She explained that if I did it wouldn’t be for probably 20 years. My body had a bad attack and my myelin was scarred. All of the little things that had been going on for months that I was afraid to tell anyone about were just my nerves “grumbling” not mini-relapses or signs of a relapse. I really had been doing everything right. Swimming, taking my vitamins, moderate exercise with weights and cardio and eating well. I didn’t need to be afraid if I felt good one day and my hands felt a little funny the next. It is typical. In that moment everything changed. I was alive again, I was me again. Hope was back and I wasn’t lying to myself or anyone else.

After that appointment with Carly supported by Jamie, I believed for the first time that I truly would be able to handle this. I wasn’t lying then and I’m not now. 4 months on I am feeling as good as ever. No MS relapses since September and not a hint of losing hope. When the day comes that I have another relapse or have to go on medication I know I will be ok. My husband, my family and my friends are there and I am actually pretty damn strong for a small girl. x heather


  1. I love you Heather 🙂

  2. Most of us have gone through similar scenarios. We rock. Fight on and remember we are all Strong.

  3. Hi Heather,

    I had my first relapse in end October and then another one in mid December. I am extremely scared at the moment and feeling quite anxious about what lies ahead. Reading your blog has been very reassuring and I thank you for sharing it. I would love to know how you’re doing, if the medication has been helpful and if you’ve had any further relapses.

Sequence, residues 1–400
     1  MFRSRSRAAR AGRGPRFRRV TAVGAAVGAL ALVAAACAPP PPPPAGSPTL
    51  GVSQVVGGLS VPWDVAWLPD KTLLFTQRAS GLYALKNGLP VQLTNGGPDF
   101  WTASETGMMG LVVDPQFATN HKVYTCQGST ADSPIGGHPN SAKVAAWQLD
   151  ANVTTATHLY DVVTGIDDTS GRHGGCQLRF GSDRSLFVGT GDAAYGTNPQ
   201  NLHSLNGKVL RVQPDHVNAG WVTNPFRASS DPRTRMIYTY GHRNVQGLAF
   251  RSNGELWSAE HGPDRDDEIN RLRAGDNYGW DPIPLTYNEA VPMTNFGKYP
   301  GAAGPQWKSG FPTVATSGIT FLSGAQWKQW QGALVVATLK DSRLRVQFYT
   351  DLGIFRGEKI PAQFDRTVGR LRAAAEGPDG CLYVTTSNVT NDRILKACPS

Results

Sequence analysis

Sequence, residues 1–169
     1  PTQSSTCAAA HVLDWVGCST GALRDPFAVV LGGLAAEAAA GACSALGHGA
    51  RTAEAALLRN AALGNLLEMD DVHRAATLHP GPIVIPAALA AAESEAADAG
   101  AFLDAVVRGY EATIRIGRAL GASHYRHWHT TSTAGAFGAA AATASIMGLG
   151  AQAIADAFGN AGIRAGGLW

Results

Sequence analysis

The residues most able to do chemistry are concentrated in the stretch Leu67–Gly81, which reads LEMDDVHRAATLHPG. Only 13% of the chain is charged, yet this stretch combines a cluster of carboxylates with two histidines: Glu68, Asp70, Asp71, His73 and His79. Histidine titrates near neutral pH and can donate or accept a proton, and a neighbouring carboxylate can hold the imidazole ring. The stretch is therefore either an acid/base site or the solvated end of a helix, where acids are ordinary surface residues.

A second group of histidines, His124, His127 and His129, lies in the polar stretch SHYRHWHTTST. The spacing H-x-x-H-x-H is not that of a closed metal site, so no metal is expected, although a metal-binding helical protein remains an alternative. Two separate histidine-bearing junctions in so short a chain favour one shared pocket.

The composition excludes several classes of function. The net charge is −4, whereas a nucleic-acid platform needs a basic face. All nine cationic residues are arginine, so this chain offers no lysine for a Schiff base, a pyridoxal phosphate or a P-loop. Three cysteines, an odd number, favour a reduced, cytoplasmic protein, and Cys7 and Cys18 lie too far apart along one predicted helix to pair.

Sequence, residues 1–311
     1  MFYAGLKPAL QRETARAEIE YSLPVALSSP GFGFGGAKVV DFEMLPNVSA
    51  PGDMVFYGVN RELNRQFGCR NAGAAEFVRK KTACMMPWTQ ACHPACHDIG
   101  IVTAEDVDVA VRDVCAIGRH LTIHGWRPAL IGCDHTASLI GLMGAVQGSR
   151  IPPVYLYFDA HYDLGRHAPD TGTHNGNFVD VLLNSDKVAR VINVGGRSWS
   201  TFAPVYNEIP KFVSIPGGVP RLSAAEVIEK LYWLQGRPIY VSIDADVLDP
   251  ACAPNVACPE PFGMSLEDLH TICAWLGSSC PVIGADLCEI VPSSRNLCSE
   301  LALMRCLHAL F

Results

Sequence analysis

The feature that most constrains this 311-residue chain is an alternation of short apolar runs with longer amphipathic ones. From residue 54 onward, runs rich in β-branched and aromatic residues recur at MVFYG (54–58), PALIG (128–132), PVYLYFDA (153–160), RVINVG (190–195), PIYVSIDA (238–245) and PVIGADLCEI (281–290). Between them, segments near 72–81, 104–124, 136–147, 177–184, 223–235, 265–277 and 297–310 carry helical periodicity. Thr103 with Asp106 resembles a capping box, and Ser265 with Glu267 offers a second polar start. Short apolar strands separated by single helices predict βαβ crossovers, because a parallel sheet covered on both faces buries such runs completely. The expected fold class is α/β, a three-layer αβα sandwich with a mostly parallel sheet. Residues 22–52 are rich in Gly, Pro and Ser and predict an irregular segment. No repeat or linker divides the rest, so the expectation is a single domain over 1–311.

Thanks a lot.

    • Hi Saumya, Thank you for your comment. I am doing really well. I am currently not on any medication and haven’t had a relapse since April of 2014 when my first daughter was about 6 months old. I am currently set to begin taking Tec in March sometime when I am done nursing my 2nd daughter, and last baby. I held off due to wanting children and breastfeeding… and my fear of needles. I have maintained very good health with a strict exercise schedule and trying to eat well but not crazy strict. No MS diets. I am going on medication to help try to prevent any future relapses. The 2014 one was really bad and I couldn’t feel my baby for nearly 5 months with my left hand. I am afraid that another relapse will take it permanently so I am beginning meds to help prevent that. I want to be fully here for my children and husband for as long as I can.

      It is scary at first but don’t try to be brave but also don’t give up hope. You are allowed to be afraid. Talk to every health professional you can and ask the thousand questions you have. I get in touch with my nurse via email any time I have a question. Take things that you read and hear with a grain of salt and ask a Dr or Nurse if you need clarification. Please feel free to email me anytime. xx